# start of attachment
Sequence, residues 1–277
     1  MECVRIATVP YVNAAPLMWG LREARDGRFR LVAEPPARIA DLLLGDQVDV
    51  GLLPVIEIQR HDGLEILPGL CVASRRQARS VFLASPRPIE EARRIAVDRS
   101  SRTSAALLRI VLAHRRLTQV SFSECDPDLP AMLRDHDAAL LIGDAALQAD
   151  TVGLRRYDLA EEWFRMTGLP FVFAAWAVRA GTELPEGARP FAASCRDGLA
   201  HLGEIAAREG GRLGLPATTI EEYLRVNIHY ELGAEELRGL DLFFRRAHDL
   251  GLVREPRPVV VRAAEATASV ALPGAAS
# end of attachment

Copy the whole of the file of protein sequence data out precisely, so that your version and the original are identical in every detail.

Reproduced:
Sequence, residues 1–277
     1  MECVRIATVP YVNAAPLMWG LREARDGRFR LVAEPPARIA DLLLGDQVDV
    51  GLLPVIEIQR HDGLEILPGL CVASRRQARS VFLASPRPIE EARRIAVDRS
   101  SRTSAALLRI VLAHRRLTQV SFSECDPDLP AMLRDHDAAL LIGDAALQAD
   151  TVGLRRYDLA EEWFRMTGLP FVFAAWAVRA GTELPEGARP FAASCRDGLA
   201  HLGEIAAREG GRLGLPATTI EEYLRVNIHY ELGAEELRGL DLFFRRAHDL
   251  GLVREPRPVV VRAAEATASV ALPGAAS